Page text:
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So I actually got to thinking about this issue before I watched that awesom video that Aaron posted about public spaces. More or less it started when I was listening to Thomas Friedman’s new book in my car on the way to orchestra rehearsal. He too discusses the lack of meaningful spaces in his book. I wish I had a copy of it, but alas, I had to return it to the library! His reasoning differs in that he was examining international travel and discussed that people from other countries don’t visit the US as much as they used to. He feels a part of this is the seeming lack of care we take in our appearances. This relates to Kunstler because no one wants to look at Wal-marts.

While I don’t buy Kunstler’s idea that meaningless spaces creates a feeling of anxiety, I do think it creates a feeling of disassociation. If there is no meaningful PUBLIC space, no one will care what happens. I feel a library can be that public space. A library is not just  a place to house information anymore, it is a community space that can host teen movie nights and wii sports tournaments as well as summer reading program events. I believe that the library should do as much outreach as possible because the more we present our institution to the public as a true service to the community, the more the community will engage with us in return.

Before messing around with the Style Sheet:

From Screen Captures

After playing with the style sheet:

From Screen Captures

 

 

(Purple is my favorite color.)

Here is the homepage of the McMinnville public library. I like their homepage when compared to other libraries’ pages. In general I find that library web pages are not very usable. What I like about this page is things are very simple.

For instance: the name of the webpage is at the top left corner of the page; the links to different areas have  ‘>>’ which is a visual cue for movement indicating that clicking there will get you somewhere. Another thing I like is how they present they have a blog. I know that many of the patrons I see at library would give me a look like I was crazy if I suggested they look at a blog for current events. This site on the other hand states: “Looking for a list of new DVDs at the library? Want a book suggestion from a librarian?” This indicates to the reader that this is a place they will find current information, not just some web 2.0 jargon.

From Pictures

https://courses.washington.edu/mlis589/1/wordpress/?p=50#comment-5

I’m going to be honest here, it is very difficult for me to seperate out my customer service experiences from the customer service I provide and that I receive as that is what I do at my full time job. I feel I am pretty good at it and there are a lot of things that I have discovered working in the corporate end that has rubbed off and influenced how I deal with patrons at my part-part-time library job. For instance, the way that I deliver information has changed. “I’m sorry *blah blah* BUT here is what I can do” Making the customer feel like you are their hero I’ve found is the key. Unfortunately you get people who don’t care about that and want to talk you into circles until they get thier way.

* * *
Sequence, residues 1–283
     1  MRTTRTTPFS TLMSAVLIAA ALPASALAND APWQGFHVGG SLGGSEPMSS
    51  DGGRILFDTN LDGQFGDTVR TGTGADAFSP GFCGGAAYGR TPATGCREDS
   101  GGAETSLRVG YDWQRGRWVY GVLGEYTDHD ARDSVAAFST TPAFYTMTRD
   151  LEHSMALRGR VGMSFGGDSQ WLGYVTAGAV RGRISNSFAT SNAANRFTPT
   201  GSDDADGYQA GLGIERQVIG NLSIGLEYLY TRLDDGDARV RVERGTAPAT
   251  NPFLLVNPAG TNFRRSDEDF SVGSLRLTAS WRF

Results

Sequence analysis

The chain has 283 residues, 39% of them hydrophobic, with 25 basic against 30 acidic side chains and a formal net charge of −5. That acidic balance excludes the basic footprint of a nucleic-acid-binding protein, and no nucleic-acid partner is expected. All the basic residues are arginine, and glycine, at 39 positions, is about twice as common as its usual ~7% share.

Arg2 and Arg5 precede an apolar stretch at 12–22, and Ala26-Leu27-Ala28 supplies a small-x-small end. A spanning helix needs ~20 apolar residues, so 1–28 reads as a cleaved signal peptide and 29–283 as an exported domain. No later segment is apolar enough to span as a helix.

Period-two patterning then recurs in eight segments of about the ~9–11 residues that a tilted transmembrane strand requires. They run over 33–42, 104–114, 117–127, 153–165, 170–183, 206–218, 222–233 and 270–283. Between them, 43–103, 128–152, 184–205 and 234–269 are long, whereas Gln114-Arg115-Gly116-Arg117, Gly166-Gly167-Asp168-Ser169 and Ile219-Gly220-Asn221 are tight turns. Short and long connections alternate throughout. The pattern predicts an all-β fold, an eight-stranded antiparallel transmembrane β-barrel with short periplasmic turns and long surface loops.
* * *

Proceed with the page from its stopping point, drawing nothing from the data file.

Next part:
Before I get carried away with stories about nasty customers, I suppose I should get to the point of this posting: my good and bad customer service experiences.

I hate it when credit card companies want you to enroll in their credit protection plan. They always call me and want me to join. I’ve heard the same spiel over and over again. But every time they try to convince me and they won’t take no for an answer. I think this is just a way for them to make an extra buck. Part of the reason I believe this is because of a negative experience that my parents had in which they didn’t disclose everything to them and then made it incredibly difficult for them to opt out….

Which leads me to the customer service philosophy that I believe in: people talk, and unfortunately they usually talk mroe about the negative than the good. The attitude that you give to your customer will influence how they speak to others about your organization. For my corporate job this means that a negative customer service experience means that when that person chooses to make the investment in windows in the future, they won’t choose us, and they will tell their friends. (Which is also why I will never buy a gateway computer again) I feel that that rubs off in the public sector as well with public libraries. Bad service could mean one less supporter when the library needs help montarily.

Good customer service is doing what you can to make the customer satisfied. They might not getting everything they want, but they are satisfied with what you have been able to do for them.

What Am I Reading Now?

my currently-reading shelf:
Stephanie's book recommendations, favorite quotes, book clubs, book trivia, book lists (currently-reading shelf)

Some genealogy links

Flickr Photos